I’ve had a keen interest in studying Deuteronomy more in-depth for a while. It’s one of the most frequently quoted Old Testaments book in the New Testament and it’s foundational for understanding the rest of the Old Testament. I requested the book from Zondervan and upon arrival was immediately intimidated. It’s over 800 pages long. I actually put off starting to read it multiple times but once I jumped in I was pleasantly surprised. NAC Deuteronomy is readable and practical. Each chapter starts with Scripture and then immediately wades into the exegetical deep end (“Original Meaning”) and is followed by “Bridging the Context” and “Contemporary Significance.”
Three Important Focuses
I especially appreciated three focuses of NAC Deuteronomy. First, Block writes with an intentional gospel focus. He sets the expectations early on and didn’t fail to follow through. Throughout he contrasts common misconception that Moses is all law and the New Testament is all grace. He strongly argues that Deuteronomy actually contrast “mediated grace (‘through Moses’) and embodied grace (‘in Jesus Christ’)” (p. 57). So there’s not two gospels--it’s rather an issue of intensity (Hebrews 3:1-6 compares Moses and Jesus as servant versus son). Just a few pages later, Block says,
[T]his book present the gospel according to Moses. This is a gospel of divine grace lavished on undeserving human beings. Moses’s vision of humanity as a whole. The book points the reader to the Lord God, who has redeemed his people and assigned them the mission of radiating his grace to the world (p. 59 also see pp. 116, 122-23, 145-46, and especially 200-01).
I want to offer the most prominent example of his gospel focus. Commenting on Deuteronomy 4, Block says,
The implications of God’s gracious acts of deliverance for Israel and for us are the same. Having been redeemed, why would we not commit ourselves to joyful obedience? . . . Jesus himself instructs us, ‘If you love me (that is, if you are covenantally committed to me), you will keep my commands’ (John 14:15 [per. trans]). . . .
Indeed we may bring out the relevance of Deut. 4:32 – 40 for us who have experienced the grace of God in Christ by recasting this entire section from Deuteronomy in Christian vocabulary:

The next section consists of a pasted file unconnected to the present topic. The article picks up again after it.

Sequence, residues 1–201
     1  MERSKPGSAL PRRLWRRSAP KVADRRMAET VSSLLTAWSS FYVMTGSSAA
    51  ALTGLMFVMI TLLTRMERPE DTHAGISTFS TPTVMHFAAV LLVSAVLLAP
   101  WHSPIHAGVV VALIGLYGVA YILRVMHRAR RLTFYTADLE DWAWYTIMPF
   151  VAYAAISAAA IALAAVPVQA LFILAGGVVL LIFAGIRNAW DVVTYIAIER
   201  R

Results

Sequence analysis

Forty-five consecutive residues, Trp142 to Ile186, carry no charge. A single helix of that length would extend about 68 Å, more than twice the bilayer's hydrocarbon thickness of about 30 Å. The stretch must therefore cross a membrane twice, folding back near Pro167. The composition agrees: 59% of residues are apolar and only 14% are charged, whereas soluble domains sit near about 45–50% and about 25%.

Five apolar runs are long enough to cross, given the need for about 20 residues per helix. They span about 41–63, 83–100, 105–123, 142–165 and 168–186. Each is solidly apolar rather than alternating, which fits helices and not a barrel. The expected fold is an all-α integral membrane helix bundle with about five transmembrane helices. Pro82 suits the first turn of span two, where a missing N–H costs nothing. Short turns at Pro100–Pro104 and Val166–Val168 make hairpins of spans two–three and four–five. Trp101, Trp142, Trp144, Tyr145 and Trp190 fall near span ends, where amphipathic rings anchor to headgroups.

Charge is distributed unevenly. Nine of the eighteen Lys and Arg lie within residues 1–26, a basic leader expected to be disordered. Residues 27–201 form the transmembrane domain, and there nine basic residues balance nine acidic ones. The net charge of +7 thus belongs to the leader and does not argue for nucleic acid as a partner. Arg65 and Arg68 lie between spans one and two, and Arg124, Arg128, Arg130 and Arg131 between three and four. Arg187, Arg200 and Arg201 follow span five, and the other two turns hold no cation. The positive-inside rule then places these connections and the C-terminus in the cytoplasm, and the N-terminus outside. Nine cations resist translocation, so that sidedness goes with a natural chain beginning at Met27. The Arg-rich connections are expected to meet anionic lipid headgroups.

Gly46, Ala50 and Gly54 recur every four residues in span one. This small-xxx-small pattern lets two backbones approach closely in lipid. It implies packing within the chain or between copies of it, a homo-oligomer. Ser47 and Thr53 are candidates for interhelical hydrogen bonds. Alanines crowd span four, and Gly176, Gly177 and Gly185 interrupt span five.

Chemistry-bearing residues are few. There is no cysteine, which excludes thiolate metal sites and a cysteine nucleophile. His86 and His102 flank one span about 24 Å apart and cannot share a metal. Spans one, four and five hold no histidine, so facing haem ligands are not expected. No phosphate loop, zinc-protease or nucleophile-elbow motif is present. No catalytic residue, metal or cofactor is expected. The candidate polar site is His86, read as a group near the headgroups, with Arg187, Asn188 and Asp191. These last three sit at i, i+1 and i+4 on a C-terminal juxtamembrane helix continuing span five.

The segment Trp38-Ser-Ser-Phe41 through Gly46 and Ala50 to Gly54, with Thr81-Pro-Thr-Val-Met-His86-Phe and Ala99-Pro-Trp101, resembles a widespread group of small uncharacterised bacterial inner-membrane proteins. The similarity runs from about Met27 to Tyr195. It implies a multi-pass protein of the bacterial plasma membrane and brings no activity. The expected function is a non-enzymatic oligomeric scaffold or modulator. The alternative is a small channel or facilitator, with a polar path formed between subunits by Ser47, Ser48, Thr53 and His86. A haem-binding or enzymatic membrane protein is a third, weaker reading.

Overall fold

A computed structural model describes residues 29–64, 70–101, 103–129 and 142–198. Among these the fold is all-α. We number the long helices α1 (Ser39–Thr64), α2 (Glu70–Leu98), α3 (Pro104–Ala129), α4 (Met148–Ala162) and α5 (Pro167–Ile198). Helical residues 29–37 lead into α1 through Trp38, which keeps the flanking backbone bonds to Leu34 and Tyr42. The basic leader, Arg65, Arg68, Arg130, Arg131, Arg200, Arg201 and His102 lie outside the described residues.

Ask now of the days that are past, which were before you, since the day that God created humankind on the earth, and ask from one end of heaven to the other, whether such a great thing as this has ever happened or was ever heard of. Did any people ever encoun- ter their gods directly, as you have encountered him, and still live? Or has any god ever dared to invade the kingdom of darkness and take for himself a people from the midst of that kingdom by trials, by signs, by wonders, and by war, by a mighty hand and an out- stretched arm, and by great deeds of terror, all of which Jesus Christ your God has done for you on the cross before your eyes?
To you it was shown, that you might know that Jesus Christ is Yahweh, God; there is no other besides him. Out of heaven he came as the divine Word, that he might reveal the Father to you, and on earth he revealed his glory, the glory as of the only begotten of the Father, full of grace and truth (John 1:14).
And because he loved the ancestors and chose their spiritual offspring after them and brought you out of the kingdom of darkness by his great power, disarming the rulers and authorities and putting them to open shame, by triumphing over them in him (Col. 2:15), in order to grant us an inheritance, since we have been predestined according to the purpose of him who works all things according to the counsel of his will (Eph. 1:11).
Know therefore today, and lay it to your heart, that Jesus Christ is Yahweh; he is God in heaven above and on the earth beneath; there is no other.
Therefore walk in a manner worthy of the Jesus Christ the lord, fully pleasing to him, bearing fruit in every good work and increasing in the knowledge of God, being strengthened with all power, according to his glorious might, for all endurance and patience with joy, and giving thanks to the Father, who has qualified you to share in the inheritance of the saints in light (Col. 1:10 – 12). (pp. 148-49).
This kind of “preaching” should inform the way we gospel our family, friends, and church. I could reproduce this emphasis throughout the book but that will suffice.